Stockhouse Short Report: Profits remain elusive at B.C. tech firm
2/23/2012 1:27:53 PM | Peter Kennedy
One U.S. analyst said he is concerned about the fact that Westport Innovations and a key engine supplier have altered the terms of a joint venture agreement
The road to profitability may be a long and winding one for alternative fuels technology company Westport Innovations Inc.(TSX: T.WPT, Stock Forum),(NASDAQ: WPRT, Stock Forum).
But lack of profits have proved to be no deterrent to investors in the Vancouver, British Columbia company, which has seen its stock price soar to over $47 this week from under $18 in April 2011, leaving Westport with a market cap of $2.13 billion, based on 48.4 million shares outstanding.
Still, after such an impressive run, some financial analysts think it may be time for investors to take some profits off the table.
“We reiterate our HOLD rating until we have a better understanding of the company’s prospects for achieving profitability,’’ said Jeff Osborne of Stifel, Nicolaus & Co. Inc. in Baltimore, MD.
A developer and marketer of technology and products that allow truck and bus engines to run on natural gas, Westport has attracted the interest of investors who are scouting for anything that benefits from low natural gas prices, observers say.
Westport fits the bill because the difference in price between conventional fuels and natural gas is a powerful incentive for transport companies to convert their truck fleets to enable them to run on lower cost fuels. (Critics say companies that do are making a long term bet on forces, including the price of natural gas, over which they have no control).
It clearly didn’t hurt when U.S. President Obama endorsed natural gas as a fuel of the future in his recent State of the Union address.
But Osborne said his concerns centre on the announcement this week that Westport has amended the terms of a joint venture agreement between itself and one of its main engine suppliers, Cummins Inc. (NYSE: CMI, Stock Forum) of Columbus Indiana. On February 21, 2012, Westport hosted a conference call to provide analysts with additional details about the amended relationship with Cummins.
After listening to the conference call, Osborne said it is a concern that Cummins will no longer provide its diesel engines to the CWI joint venture at cost.
“Instead, Cummins will now make a margin upfront on every engine block delivered to CWI and will then continue to split the joint venture profits 50:50 with Westport,’’ said Osborne.
To help the situation, Cummins offered Westport 75% of the profits on volumes achieved above an unknown target, Osborne wrote in a research update. “Management insisted that this should not significantly change the profitability of the joint venture moving forward, but we do not understand how that is the case,’’ he said.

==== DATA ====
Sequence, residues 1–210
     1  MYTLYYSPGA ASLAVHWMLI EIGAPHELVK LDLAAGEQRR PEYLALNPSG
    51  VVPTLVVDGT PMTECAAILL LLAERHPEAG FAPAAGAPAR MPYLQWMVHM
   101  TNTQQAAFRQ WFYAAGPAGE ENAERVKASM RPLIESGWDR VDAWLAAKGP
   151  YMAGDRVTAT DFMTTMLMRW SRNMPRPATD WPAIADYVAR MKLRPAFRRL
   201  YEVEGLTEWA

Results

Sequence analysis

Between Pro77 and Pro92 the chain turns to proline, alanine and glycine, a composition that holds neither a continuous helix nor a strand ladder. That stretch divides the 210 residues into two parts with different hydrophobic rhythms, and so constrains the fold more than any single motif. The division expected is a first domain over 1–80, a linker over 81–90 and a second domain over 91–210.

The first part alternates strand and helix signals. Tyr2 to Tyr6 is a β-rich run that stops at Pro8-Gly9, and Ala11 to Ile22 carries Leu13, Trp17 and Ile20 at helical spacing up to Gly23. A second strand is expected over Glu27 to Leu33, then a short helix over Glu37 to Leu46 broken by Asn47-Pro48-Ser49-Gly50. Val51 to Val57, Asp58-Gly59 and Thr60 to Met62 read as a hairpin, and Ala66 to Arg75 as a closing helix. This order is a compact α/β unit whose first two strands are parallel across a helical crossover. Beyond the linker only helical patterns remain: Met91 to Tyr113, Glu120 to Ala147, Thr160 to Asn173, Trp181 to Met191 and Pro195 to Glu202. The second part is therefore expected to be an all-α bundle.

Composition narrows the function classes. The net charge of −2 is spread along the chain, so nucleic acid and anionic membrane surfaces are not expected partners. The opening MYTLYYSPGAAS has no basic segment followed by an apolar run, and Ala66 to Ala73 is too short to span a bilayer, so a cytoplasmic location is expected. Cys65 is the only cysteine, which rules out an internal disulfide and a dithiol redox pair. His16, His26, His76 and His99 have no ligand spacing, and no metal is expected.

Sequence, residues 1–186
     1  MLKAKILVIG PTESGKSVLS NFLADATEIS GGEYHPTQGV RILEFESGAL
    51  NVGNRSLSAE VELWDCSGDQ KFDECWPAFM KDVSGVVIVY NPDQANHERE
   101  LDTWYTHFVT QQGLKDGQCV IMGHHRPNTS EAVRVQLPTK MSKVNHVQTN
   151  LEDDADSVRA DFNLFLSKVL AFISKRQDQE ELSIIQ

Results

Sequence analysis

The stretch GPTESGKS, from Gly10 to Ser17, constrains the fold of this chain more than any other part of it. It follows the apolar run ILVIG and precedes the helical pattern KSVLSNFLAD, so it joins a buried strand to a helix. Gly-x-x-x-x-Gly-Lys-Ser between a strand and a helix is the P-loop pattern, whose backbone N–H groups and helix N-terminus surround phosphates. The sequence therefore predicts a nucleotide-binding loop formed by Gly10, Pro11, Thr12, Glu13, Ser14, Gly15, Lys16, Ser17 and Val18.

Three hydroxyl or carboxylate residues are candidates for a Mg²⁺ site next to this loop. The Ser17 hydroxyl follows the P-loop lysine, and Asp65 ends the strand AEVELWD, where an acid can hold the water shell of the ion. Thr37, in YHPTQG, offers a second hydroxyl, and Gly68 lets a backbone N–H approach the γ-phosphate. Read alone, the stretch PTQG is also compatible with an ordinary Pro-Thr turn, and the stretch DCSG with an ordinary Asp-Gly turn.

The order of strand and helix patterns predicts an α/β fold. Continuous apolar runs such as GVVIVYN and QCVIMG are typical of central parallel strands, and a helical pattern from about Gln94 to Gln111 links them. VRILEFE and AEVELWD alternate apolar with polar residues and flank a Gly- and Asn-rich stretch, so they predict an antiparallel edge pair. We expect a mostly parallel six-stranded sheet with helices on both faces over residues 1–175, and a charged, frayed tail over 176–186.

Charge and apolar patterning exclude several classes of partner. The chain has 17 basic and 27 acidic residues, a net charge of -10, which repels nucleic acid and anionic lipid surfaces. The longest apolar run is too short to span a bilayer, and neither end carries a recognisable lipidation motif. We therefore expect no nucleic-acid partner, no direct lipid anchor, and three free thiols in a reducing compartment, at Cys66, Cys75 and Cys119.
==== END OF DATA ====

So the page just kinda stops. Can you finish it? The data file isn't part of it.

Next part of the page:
“We imagine a significant portion of the CWI cost-of-goods sold is the engine block. If this is now being marked-up by Cummins, the question is how much is the mark-up and how much will this be taken directly out of the CWI gross margin moving forward?”
This was not quantified during the February 21 conference call. But Osborne says it’s likely that the CWI gross margins most likely peaked in 2011.
“The question is whether this gross margin peak is near term (two or three years) or permanent, and how much gross margins will contract in the near future, given the change in the CWI JV economic agreement?”
The Cummins-Westport (CWI) joint venture uses proprietary high-pressure direct injection technology to convert Cummins engines and sell them to companies that use fleet vehicles. In the first nine months of 2011, CWI accounted for 65% of Westport revenues.
News of the amended joint venture came at the same time that Westport raised its 2011 revenue guidance to $260 million-$264 million from $240 million-$250 million. But investors have also been warned to anticipate a 2011 fourth quarter net loss of
.32 cents per share.
That compares to the consensus estimate is a loss of
A perennial money loser, Westport posted a net loss of $45.7 million or
.96 per share for the nine months ended September 30, 2011, compared to a net loss of $26 million or 66 cents in the same period last year.
Observers attribute Westport’s lack of profitability to the view that sales volumes and subsidies from the California Energy Commission and others are not nearly enough to compensate for costs, including the $30.4 million that was pumped into research and development from 2007 to 2010.
In calendar 2010, 3,925 engines were sold.
However, the sales volumes that are required to make Westport profitable are much larger, a former employee said.
MacMurray Whale of Cormark Securities Inc. has a “reduce” rating on the stock and a target of $11. In a February 2nd interview with the Globe and Mail newspaper, Whale noted that Westport is unlikely to generate profits until 2014, and “that is way beyond any normal investor horizon.’’
When Stockhouse called Cormark this week for an update, Whale could not be reached for comment. But one of his associates said his target price remains at $11.
Westport expects to report its 2011 fourth quarter results after the close of trading on February 29.